Children with autism spectrum disorder (ASD) often face unique emotional and behavioral challenges, from difficulties with social interaction and communication to dealing with anxiety and depression. Mental health counseling can play a significant role in supporting their overall well-being [1].  

Cognitive-behavioral therapy (CBT) in particular has shown promising results in helping children with ASD manage their emotions and reduce problematic behaviors. By teaching children skills to identify and change distressing thought patterns, CBT can effectively mitigate anxiety and improve emotional regulation [2]. 

Another beneficial approach is play therapy, where therapists use play as a medium for children to express their feelings and learn social skills. Through play therapy, children with autism can explore their emotions in a safe environment and learn effective coping strategies [3]. There may be other research-supported therapies such as narrative therapy that help your autistic child and family enhance their well-being.

A family attending a mental health counseling session.

Mental Health Counseling for Caregivers 

Caring for a child with autism can bring immense joy and fulfillment, but it also presents unique stressors. As such, mental health counseling for caregivers, including parents, extended family members, or other primary caregivers, is an essential part of comprehensive autism care [4]. 

Counseling can provide caregivers with a safe space to express their emotions and cope with stress, anxiety, and possible feelings of isolation. It can also offer practical strategies to enhance their caregiving skills and address specific challenges, such as managing behaviors [5]. 

In-person and online support groups also provide benefits for caregivers. These groups provide a sense of community and shared understanding, which can help to reduce feelings of isolation and provide practical tips and resources [6]. 

Mental Health Counseling for Siblings 

Growing up with a sibling who has autism can be a richly rewarding experience, fostering empathy, patience, and understanding. However, it can also pose unique challenges and emotions for siblings, including feelings of resentment, embarrassment, or neglect. 

For these reasons, mental health counseling can provide a supportive environment where siblings can express their feelings without fear of judgment or misunderstanding [7]. There may also be distinct emotional or mental health needs a sibling can address in counseling such as anxiety or major life transitions.

Siblings can also benefit from support groups specifically designed for them, allowing them to connect with others who share similar experiences and challenges [8].  

Counseling at Cortica 

As part of our unique and comprehensive care model, Cortica offers mental health counseling for all members of the family via telehealth. Through our mental health counseling program, families have access to compassionate and research-supported care from our licensed professional clinical counselors, social workers, and marriage and family therapists who have expertise working with people with neurodevelopmental differences and their families. Our counselors work with you to address your family’s unique needs. They may also refer families to additional resources outside of Cortica, such as community mental health providers, parent advocacy groups, and other support groups.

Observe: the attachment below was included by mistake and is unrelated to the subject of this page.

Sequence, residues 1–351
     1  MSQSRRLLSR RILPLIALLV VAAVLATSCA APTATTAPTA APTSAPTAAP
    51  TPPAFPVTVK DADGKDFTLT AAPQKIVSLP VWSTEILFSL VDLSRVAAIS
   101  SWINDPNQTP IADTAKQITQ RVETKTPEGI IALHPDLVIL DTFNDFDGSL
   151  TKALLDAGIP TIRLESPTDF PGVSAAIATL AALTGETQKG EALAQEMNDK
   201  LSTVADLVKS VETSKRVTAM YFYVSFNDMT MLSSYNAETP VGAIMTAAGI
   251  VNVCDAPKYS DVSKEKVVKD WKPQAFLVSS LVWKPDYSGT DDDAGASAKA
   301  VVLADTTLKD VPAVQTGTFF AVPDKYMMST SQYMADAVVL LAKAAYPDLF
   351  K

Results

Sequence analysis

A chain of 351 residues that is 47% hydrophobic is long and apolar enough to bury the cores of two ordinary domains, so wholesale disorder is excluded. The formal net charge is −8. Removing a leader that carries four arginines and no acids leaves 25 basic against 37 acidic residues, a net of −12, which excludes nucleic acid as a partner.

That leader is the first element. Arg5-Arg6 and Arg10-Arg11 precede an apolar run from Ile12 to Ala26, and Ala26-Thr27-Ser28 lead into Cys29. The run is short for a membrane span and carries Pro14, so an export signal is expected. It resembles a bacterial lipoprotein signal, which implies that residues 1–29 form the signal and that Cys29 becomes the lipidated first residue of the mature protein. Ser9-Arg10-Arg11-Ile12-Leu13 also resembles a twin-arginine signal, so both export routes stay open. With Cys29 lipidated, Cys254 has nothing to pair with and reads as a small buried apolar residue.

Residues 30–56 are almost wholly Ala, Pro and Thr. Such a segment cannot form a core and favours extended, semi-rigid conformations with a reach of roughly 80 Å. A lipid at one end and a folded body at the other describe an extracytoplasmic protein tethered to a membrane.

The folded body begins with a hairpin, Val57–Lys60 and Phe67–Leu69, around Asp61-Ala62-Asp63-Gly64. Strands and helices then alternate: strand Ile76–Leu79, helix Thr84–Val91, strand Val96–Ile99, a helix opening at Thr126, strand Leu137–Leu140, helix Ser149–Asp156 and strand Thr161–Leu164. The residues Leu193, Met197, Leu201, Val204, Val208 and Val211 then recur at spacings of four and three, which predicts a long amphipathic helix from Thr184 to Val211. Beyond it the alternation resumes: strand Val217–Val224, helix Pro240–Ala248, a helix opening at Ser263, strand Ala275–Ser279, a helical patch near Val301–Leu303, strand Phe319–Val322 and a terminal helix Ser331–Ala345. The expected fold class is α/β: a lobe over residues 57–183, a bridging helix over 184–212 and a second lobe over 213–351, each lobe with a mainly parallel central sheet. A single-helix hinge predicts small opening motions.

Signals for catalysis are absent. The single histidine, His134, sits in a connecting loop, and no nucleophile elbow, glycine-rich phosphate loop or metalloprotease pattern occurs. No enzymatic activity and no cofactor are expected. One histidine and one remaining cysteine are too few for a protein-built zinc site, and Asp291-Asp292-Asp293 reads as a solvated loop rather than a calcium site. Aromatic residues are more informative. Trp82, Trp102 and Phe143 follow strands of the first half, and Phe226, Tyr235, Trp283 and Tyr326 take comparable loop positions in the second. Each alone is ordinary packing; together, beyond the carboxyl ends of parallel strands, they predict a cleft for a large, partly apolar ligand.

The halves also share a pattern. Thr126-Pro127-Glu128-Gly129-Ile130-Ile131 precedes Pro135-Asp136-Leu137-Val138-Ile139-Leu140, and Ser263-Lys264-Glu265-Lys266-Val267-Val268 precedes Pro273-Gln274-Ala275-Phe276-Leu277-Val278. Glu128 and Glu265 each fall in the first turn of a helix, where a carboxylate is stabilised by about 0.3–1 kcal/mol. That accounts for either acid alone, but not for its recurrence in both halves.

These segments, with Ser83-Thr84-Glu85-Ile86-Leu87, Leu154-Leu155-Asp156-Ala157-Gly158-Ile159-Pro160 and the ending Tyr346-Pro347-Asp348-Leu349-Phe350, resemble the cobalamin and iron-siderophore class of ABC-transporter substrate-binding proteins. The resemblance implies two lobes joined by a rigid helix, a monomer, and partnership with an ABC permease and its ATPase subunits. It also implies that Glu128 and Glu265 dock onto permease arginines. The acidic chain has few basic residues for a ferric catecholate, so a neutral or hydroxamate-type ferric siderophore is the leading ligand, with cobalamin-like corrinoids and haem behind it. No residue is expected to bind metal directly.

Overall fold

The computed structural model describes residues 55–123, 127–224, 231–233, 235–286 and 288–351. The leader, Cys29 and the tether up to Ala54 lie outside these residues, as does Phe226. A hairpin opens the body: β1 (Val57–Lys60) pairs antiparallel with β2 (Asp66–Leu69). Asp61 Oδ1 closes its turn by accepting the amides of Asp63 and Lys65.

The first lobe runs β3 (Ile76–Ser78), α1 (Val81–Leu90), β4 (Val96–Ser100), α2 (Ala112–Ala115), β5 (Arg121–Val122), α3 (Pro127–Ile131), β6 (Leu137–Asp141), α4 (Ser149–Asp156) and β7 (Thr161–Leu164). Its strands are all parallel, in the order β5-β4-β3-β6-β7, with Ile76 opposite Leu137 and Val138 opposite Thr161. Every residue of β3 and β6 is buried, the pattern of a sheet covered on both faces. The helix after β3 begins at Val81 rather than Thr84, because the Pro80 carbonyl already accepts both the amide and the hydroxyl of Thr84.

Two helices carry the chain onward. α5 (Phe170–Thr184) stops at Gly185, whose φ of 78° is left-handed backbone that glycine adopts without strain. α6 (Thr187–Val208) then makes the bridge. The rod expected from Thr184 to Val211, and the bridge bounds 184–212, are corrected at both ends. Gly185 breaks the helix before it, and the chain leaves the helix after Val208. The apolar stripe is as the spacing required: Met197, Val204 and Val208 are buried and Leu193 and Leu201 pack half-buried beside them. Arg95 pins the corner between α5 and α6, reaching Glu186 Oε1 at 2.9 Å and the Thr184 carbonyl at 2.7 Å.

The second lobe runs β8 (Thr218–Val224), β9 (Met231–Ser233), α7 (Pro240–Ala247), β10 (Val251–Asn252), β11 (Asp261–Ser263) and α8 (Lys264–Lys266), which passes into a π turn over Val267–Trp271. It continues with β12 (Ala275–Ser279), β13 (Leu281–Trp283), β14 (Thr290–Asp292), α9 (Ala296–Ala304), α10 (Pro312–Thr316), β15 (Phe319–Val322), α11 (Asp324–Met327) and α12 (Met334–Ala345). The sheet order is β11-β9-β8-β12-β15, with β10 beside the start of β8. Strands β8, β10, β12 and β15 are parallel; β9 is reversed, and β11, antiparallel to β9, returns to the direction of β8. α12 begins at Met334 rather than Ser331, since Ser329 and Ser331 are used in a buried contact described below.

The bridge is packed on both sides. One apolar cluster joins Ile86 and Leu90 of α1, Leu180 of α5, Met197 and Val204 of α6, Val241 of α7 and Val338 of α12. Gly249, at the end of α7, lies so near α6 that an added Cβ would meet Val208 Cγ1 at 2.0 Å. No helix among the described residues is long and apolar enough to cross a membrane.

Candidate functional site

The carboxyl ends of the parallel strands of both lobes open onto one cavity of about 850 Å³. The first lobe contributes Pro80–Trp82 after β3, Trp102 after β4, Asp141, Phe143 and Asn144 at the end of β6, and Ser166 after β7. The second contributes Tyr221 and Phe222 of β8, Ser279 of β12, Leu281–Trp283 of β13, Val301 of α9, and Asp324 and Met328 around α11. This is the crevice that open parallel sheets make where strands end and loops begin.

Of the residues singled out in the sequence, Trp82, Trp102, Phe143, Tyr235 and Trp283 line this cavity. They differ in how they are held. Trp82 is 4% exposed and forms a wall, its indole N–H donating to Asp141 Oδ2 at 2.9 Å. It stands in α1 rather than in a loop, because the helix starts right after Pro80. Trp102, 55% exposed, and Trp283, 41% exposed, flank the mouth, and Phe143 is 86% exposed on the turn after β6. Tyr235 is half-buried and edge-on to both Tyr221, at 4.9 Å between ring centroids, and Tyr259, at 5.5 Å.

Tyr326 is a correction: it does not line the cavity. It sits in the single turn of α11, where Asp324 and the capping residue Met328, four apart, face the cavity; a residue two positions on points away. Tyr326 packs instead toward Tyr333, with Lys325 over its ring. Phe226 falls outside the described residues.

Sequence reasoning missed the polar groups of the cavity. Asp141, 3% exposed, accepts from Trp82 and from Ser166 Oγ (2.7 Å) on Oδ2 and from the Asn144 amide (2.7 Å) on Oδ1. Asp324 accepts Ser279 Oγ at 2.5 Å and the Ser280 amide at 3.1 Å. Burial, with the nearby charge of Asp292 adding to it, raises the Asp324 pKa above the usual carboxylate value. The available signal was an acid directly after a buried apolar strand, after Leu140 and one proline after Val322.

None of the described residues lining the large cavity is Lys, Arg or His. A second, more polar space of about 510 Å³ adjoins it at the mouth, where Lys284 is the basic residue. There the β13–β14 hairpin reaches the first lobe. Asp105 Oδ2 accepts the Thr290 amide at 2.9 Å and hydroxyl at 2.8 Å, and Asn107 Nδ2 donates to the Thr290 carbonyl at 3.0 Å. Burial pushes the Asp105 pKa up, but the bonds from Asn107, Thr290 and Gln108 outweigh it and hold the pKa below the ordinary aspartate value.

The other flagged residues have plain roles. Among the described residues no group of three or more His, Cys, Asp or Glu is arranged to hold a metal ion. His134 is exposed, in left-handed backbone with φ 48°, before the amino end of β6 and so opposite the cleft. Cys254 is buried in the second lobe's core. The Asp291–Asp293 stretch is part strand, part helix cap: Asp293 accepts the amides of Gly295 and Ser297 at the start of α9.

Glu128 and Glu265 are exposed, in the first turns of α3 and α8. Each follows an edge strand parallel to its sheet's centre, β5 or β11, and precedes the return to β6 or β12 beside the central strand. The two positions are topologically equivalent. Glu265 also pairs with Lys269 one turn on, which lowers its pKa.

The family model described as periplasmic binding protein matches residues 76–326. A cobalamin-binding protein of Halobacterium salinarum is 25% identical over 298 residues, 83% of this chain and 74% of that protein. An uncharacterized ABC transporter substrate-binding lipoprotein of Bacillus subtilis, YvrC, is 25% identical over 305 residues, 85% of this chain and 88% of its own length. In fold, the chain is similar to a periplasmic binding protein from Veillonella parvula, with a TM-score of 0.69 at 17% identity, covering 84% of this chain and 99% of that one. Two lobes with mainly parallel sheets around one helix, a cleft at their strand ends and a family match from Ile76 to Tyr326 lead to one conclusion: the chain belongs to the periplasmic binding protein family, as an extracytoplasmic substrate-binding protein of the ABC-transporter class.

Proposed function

Learn more about our counseling services here.   


  1. Moree, B. N., & Davis, T. E. (2010). Cognitive-Behavioral Therapy for Anxiety in Children Diagnosed with Autism Spectrum Disorders: Modification Trends. Research in Autism Spectrum Disorders, 4(3), 346-354. 

  2. Reaven, J., Blakeley-Smith, A., Culhane-Shelburne, K., & Hepburn, S. (2012). Group cognitive behavior therapy for children with high-functioning autism spectrum disorders and anxiety: a randomized trial. Journal of Child Psychology and Psychiatry, 53(4), 410-419. 

  3. Josefi, O., & Ryan, V. (2004). Non-directive play therapy for young children with autism: a case study. Clinical Child Psychology and Psychiatry, 9(4), 533-551. 

  4. Ruiz-Robledillo, N., & Moya-Albiol, L. (2013). Self-reported health and cortisol awakening response in parents of people with Asperger syndrome: The role of trait anger and anxiety, coping and burden. Psychology & Health, 28(11), 1246-1264. 

  5. McConachie, H., & Diggle, T. (2007). Parent implemented early intervention for young children with autism spectrum disorder: a systematic review. Journal of Evaluation in Clinical Practice, 13(1), 120-129. 

  6. Osborne, L. A., & Reed, P. (2008). Parents' perceptions of communication with professionals during the diagnosis of autism. Autism, 12(3), 309-324. 

  7. Tsai, H. W., Sze, Y. T., & Leung, R. C. (2016). Child’s Autism Severity: Effects on Stress among Siblings. Journal of Child and Family Studies, 25(11), 3461-3472. 

  8. Smith, T., Perry, A., & Teagarden, J. (2007). An analysis of autism-related support groups on the internet. Mental Retardation, 45(4), 261-270.[261:AOASGO]2.0.CO;2

Aqila Armstrong
Author: Aqila Armstrong LMFT (License #88808 CA)